# How to interpret output from least trimmed squares estimate and compare it to OLS?

I have to compute and compare the least squares method on a model to the least trimmed method.

The LS model results were:

Coefficients:
Estimate Std. Error t value Pr(>|t|)
(Intercept)    -39.9197    11.8960  -3.356  0.00375 **
Air.Flow         0.7156     0.1349   5.307  5.8e-05 ***
Water.Temp       1.2953     0.3680   3.520  0.00263 **
Acid.Conc.      -0.1521     0.1563  -0.973  0.34405


The LTS results were:

  (Intercept)     Air.Flow      Water.Temp      Acid.Conc.
-3.580556e+01  7.500000e-01    3.333333e-01    3.489094e-17


How do I interpret the results for LTS? I know Air.Flow and Water.Temp are significant and ACid.conc is not. But don't know about LTS coefficients since there are no standard errors.

• Am I correct that you're using R? What package / function are you using? Why do you need to compare these, is this a homework assignment? – gung - Reinstate Monica Nov 8 '12 at 20:10
• The standard errors for the LTS model can be displayed with: coef(summary(ltsReg(stack.loss ~ Air.Flow + Water.Temp + Acid.Conc., data=stackloss)))[, "Std. Error"] – smillig Dec 9 '12 at 10:13
• Why do you say you don't know what the LTS s.e. are? It's in the R output: ltsreg<-ltsReg(y~x);summary(ltsreg) – user603 May 1 '13 at 10:24

Why do you have to compare them? If this is a homework assignment then you should indicate that and you should give more detail on what the assignment means by compare.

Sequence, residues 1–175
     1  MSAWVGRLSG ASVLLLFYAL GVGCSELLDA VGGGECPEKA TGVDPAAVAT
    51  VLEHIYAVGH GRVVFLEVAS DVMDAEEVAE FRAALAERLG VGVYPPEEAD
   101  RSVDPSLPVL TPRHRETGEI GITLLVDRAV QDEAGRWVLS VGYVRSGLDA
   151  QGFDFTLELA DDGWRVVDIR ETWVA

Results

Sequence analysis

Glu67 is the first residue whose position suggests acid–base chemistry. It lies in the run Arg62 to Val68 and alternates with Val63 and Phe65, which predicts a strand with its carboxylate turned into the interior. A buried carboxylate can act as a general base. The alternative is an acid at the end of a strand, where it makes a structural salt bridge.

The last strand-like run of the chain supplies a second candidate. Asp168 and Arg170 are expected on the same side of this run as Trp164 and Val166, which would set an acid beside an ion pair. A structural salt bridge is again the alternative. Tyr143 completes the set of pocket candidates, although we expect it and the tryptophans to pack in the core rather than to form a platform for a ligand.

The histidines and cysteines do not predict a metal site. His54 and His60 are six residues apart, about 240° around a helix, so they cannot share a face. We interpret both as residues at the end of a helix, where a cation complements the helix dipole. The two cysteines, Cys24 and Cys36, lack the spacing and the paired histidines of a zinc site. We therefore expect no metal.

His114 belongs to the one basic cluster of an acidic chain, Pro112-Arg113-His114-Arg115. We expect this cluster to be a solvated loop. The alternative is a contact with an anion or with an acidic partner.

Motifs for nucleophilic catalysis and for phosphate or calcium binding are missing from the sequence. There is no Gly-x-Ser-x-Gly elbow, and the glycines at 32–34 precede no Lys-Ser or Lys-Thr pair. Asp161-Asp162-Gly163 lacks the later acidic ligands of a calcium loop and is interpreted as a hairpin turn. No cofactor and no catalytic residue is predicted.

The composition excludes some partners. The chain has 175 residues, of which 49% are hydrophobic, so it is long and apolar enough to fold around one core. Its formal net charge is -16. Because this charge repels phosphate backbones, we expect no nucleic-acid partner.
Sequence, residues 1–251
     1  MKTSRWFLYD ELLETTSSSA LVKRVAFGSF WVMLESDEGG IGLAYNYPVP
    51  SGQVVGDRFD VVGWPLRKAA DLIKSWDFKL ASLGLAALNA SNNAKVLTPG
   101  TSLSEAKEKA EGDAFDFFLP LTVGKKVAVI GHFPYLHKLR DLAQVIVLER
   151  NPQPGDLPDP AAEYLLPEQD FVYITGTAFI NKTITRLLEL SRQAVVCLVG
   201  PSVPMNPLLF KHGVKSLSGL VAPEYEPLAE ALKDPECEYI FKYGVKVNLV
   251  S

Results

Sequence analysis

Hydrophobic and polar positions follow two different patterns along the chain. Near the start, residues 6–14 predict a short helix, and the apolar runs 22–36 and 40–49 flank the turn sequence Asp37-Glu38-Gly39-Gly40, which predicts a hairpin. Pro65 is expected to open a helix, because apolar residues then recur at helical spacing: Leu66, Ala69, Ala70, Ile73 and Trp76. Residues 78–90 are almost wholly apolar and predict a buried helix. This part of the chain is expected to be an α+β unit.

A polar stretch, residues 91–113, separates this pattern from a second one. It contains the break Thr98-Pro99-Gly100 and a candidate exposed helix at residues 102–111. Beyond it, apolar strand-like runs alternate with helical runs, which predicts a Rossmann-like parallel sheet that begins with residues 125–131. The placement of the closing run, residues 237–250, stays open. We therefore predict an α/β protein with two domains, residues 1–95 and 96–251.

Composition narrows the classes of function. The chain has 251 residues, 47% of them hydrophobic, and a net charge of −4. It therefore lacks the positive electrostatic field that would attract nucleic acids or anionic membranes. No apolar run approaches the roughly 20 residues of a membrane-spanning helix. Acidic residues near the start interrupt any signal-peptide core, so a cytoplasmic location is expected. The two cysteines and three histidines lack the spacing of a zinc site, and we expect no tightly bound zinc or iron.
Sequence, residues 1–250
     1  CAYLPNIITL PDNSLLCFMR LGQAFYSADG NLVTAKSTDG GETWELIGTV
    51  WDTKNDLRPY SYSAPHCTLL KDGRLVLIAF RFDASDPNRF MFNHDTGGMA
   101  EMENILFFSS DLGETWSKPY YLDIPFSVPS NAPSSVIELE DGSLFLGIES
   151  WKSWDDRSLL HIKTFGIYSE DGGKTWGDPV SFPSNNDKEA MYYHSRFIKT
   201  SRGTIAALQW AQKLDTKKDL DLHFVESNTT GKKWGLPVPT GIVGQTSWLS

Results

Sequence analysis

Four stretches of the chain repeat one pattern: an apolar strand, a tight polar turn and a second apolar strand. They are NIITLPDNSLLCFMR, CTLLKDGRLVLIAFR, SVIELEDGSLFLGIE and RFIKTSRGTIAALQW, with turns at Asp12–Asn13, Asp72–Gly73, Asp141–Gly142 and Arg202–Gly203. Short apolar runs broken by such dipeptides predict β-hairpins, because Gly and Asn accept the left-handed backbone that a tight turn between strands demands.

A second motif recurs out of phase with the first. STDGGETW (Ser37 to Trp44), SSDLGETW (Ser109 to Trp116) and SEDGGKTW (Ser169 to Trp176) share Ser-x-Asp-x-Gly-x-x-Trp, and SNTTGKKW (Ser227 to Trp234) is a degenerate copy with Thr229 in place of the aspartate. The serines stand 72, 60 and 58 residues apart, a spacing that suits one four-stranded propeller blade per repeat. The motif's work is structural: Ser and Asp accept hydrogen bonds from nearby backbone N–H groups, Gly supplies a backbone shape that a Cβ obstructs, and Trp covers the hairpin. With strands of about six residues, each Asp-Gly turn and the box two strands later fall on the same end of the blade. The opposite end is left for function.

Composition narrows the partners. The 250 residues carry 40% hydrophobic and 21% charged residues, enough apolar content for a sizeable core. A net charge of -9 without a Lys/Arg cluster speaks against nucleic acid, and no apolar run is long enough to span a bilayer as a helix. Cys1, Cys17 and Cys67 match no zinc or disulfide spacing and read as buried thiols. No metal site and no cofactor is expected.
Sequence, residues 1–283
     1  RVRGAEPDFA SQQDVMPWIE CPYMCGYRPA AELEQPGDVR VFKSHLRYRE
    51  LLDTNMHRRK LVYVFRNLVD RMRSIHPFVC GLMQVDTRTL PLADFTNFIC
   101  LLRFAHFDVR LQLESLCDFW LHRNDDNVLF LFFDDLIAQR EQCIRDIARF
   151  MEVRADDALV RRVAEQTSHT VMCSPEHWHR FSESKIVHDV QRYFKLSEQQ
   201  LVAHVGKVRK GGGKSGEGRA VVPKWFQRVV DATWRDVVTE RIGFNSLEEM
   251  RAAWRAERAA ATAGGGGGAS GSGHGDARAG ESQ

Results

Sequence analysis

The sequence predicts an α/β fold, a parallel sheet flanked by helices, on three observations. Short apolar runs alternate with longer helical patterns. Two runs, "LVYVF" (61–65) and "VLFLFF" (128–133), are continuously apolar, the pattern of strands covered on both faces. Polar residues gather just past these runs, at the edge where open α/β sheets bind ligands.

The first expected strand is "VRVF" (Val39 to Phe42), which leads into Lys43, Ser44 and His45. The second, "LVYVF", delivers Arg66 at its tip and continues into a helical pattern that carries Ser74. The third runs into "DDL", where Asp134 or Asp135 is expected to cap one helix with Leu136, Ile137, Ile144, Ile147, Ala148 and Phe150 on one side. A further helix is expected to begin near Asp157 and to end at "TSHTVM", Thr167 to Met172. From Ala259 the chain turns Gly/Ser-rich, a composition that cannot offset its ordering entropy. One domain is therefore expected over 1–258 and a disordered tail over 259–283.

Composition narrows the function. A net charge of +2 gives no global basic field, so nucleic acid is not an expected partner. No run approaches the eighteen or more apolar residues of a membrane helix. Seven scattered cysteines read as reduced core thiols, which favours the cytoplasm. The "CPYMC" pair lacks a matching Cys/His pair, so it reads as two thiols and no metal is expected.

One way to get standard errors/confidence intervals/significance tests for LTS coefficients would be to bootstrap the process.

A possibly more interesting comparison would be to compare in a scatterplot (or possibly a Bland-Altman plot) the predicted values from the 2 models with an $y=x$ line.

Then there is always the simple eye-ball comparison that the coefficient for Air.Flow did not change much, but the one for Water.Temp is a quarter of what it was under LS, which point(s) drive that? and Acid.Conc is much closer to 0, but was not sigificantly different before.

• yes, it is homework. I will indicate homework next time. I am using R and using ltsreg compared to the least square model. – stacy Nov 8 '12 at 20:37

If you haven't been given a way of finding significance, it would be a fair bet that you're not supposed to compare the significance. (But maybe you're supposed to figure out how to do it.)

In any case, you can compare coefficients in size and sign, you can compare fitted values, you can compare residual plots and what they might tell you about the appropriateness of the various assumptions